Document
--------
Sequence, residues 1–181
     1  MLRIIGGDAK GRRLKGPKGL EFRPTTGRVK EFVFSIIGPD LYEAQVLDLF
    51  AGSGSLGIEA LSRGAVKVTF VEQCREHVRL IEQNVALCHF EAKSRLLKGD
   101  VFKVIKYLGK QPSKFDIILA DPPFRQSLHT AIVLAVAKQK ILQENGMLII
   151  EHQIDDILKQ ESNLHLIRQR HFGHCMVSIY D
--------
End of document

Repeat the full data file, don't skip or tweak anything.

Sequence, residues 1–181
     1  MLRIIGGDAK GRRLKGPKGL EFRPTTGRVK EFVFSIIGPD LYEAQVLDLF
    51  AGSGSLGIEA LSRGAVKVTF VEQCREHVRL IEQNVALCHF EAKSRLLKGD
   101  VFKVIKYLGK QPSKFDIILA DPPFRQSLHT AIVLAVAKQK ILQENGMLII
   151  EHQIDDILKQ ESNLHLIRQR HFGHCMVSIY D